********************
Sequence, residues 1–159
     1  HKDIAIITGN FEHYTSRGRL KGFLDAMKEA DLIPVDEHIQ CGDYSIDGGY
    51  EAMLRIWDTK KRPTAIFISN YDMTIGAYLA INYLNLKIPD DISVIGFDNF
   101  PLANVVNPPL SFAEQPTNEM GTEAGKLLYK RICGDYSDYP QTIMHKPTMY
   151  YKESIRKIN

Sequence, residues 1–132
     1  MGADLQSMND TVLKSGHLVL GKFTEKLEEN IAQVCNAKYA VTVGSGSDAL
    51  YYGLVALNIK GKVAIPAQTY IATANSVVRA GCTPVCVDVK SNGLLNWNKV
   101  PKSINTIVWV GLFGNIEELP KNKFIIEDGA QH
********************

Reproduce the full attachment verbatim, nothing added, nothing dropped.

Sequence, residues 1–159
     1  HKDIAIITGN FEHYTSRGRL KGFLDAMKEA DLIPVDEHIQ CGDYSIDGGY
    51  EAMLRIWDTK KRPTAIFISN YDMTIGAYLA INYLNLKIPD DISVIGFDNF
   101  PLANVVNPPL SFAEQPTNEM GTEAGKLLYK RICGDYSDYP QTIMHKPTMY
   151  YKESIRKIN

Sequence, residues 1–132
     1  MGADLQSMND TVLKSGHLVL GKFTEKLEEN IAQVCNAKYA VTVGSGSDAL
    51  YYGLVALNIK GKVAIPAQTY IATANSVVRA GCTPVCVDVK SNGLLNWNKV
   101  PKSINTIVWV GLFGNIEELP KNKFIIEDGA QH